Faceted heishes

Chicago’s Marina Rios (fanciful devices) made some very cool heishi beads by covering faceted tubes of polymer with acrylics and enamel paints.

Marina Rios low-fire enamel-painted heishi beads on PolymerClayDaily

“At all hours I find myself crouched over tiny, crusty treasures found in my home country of Uruguay, or in midwestern flea markets, or culled from the brilliant artisans of Etsy” says Marina, “I am madly in love with crafting, altering, assembling little bits of wearable art.”

Look at more of Marina’s rustic, tribal, mixed media assemblages on Instagram.

These beads have already sold on Etsy so we’ll have to make our own versions. I plan to make facets on long extruded tubes, then color them and chunk them up.

Sometimes simple ideas grab me and won’t let go so I post them on PCD as a way to remind myself to try them.

Follow the dots

Perova on PCDaily

UK’s Olga Petrova shows off her latest polymer-covered 4″ x 8″ vessel.

Extruded designs? Probably. Textured? That too. Accented with a wash of black? Yes. Begs to be touched? Indeed!

The vase looks like a 3D zentangle with islands of designs floating in rivers of dots. Wouldn’t this look stunning as a shelf accent? See more on Instagram, Facebook and Flickr.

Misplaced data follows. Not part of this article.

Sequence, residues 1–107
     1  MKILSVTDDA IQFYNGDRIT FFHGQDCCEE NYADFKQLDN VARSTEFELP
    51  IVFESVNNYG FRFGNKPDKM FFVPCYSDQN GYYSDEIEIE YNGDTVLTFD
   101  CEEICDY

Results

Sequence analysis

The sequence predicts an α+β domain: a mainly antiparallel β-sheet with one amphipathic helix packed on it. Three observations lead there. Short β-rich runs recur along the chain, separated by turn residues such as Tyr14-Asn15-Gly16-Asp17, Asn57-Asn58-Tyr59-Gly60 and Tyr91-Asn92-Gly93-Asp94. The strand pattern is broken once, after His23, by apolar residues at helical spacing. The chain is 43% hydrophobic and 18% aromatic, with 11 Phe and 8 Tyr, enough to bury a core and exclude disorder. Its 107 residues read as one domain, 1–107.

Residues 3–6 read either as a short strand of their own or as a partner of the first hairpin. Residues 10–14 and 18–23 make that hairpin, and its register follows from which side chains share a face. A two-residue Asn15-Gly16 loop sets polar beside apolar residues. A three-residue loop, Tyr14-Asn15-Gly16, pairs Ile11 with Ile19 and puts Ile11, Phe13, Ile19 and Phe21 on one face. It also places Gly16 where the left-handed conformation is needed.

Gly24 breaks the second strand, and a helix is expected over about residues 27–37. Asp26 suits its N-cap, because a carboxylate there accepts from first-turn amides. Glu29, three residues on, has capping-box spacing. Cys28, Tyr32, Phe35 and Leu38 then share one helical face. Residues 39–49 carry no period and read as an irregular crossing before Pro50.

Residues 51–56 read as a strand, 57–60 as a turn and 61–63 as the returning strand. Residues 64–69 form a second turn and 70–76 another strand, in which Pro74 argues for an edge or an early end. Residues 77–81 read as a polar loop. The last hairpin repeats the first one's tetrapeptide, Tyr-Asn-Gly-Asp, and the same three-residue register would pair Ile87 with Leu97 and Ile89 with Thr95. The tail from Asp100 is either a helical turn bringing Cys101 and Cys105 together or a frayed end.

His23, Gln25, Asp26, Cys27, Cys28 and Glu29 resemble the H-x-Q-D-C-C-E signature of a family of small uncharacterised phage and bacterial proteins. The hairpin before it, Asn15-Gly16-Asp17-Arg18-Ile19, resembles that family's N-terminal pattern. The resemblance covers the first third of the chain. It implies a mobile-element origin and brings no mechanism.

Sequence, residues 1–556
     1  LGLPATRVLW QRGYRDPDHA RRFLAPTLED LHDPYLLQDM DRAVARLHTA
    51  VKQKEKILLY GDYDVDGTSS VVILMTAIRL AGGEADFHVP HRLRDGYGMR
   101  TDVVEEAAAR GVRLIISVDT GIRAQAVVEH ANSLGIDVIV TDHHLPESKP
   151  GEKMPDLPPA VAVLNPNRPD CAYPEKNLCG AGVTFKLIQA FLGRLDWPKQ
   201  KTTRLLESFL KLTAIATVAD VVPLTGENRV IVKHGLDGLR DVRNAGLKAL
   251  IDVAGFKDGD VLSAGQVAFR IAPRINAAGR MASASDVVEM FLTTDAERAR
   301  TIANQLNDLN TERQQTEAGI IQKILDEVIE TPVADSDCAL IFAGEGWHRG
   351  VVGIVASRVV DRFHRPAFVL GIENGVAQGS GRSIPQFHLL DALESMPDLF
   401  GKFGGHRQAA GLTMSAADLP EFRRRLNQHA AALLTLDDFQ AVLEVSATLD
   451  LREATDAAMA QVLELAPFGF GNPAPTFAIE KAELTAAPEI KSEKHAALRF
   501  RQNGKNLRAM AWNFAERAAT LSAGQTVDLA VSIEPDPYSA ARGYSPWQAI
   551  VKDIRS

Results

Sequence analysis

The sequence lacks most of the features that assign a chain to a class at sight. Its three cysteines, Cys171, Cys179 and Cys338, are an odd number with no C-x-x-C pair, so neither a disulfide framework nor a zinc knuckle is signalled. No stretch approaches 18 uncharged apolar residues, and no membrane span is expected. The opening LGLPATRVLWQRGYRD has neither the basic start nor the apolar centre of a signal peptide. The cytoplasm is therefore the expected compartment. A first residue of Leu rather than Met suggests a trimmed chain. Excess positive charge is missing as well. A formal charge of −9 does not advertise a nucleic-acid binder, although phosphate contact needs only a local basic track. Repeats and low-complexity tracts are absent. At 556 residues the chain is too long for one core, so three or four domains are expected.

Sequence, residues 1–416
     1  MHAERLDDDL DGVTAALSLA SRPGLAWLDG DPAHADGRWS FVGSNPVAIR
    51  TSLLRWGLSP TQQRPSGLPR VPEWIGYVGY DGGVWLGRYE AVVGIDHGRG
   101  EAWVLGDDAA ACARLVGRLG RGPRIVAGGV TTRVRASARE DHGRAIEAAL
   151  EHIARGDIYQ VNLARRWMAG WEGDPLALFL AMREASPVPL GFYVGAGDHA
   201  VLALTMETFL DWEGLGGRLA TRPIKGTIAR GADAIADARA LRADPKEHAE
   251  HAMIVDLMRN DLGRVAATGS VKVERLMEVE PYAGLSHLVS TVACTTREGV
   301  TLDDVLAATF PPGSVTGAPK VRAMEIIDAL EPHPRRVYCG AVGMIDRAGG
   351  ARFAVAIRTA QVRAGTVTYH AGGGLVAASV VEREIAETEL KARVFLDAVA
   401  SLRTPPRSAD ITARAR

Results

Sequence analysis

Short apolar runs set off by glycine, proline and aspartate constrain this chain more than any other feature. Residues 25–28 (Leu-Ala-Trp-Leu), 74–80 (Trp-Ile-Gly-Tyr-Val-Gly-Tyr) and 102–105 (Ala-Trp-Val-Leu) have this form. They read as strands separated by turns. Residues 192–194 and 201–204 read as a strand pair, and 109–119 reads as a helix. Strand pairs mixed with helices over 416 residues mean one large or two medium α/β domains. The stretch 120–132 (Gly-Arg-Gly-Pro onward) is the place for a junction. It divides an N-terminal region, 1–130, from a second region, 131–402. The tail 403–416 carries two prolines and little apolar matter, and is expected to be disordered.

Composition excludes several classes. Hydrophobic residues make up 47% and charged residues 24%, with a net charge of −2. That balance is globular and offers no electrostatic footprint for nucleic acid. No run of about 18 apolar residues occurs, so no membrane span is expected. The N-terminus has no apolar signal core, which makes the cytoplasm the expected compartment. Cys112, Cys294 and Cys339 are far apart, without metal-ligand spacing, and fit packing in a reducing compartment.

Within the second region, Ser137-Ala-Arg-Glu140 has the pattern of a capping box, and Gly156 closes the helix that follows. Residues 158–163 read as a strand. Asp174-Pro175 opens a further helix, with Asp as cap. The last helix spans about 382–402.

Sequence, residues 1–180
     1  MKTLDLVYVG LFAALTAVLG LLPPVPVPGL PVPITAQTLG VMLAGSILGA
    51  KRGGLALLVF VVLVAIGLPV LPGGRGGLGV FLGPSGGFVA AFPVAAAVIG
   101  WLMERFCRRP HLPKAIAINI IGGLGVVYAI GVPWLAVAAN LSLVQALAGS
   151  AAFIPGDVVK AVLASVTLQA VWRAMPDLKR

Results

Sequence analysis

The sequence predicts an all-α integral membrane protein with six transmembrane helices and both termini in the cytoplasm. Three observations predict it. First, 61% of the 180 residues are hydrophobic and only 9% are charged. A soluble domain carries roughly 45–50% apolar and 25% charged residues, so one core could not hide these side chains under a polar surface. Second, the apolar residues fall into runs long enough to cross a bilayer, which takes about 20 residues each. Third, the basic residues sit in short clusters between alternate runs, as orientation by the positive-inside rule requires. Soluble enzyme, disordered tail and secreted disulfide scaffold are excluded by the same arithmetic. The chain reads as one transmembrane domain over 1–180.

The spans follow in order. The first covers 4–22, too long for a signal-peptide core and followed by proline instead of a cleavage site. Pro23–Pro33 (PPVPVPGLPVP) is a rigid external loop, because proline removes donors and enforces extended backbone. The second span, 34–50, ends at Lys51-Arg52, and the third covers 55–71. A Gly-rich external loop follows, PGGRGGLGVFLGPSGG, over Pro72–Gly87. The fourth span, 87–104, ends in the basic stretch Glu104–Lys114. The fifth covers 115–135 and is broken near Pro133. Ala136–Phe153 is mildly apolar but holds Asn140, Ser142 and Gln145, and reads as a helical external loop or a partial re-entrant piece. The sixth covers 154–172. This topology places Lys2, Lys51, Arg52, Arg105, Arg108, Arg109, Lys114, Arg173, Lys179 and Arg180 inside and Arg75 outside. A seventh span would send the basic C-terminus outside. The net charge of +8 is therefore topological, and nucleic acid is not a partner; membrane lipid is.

Room accents

If you’d like to create accents for your home decor, sign up for one of the remaining seats in my class at Creative Journey Studios in Georgia, October 7-9. You’ll learn all about polymer and wood plus other unusual decorative accents that will make your heart sing.

Chinese vases

Beefball papa on PCDaily

Beefball Papa seems an unlikely name for a polymer artist from Bejing. It could be a bad translation.

There are few other clues to guide us and we will have to let this Chinese artist’s Flickr photos speak for themselves. You can see how he has moved from creating small vessels to larger items over the last year.

Beefball Papa on PCDaily

His latest mokume gane striped vases are particularly interesting.

The extruded strings make his vase resemble the colorfully melted candles that were popular in the 60s. Heidi McCullough sent the link to PCD. Let us know if you find more information.

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  • I'm Cynthia Tinapple, an artist, curator, and leader in the polymer clay community for over 20 years.

    On this blog I showcase the best polymer clay art online to inspire and encourage you. I also send out weekend extras in the premium newsletter, StudioMojo.

    You can find my book, Polymer Clay Global Perspectives, on Amazon.


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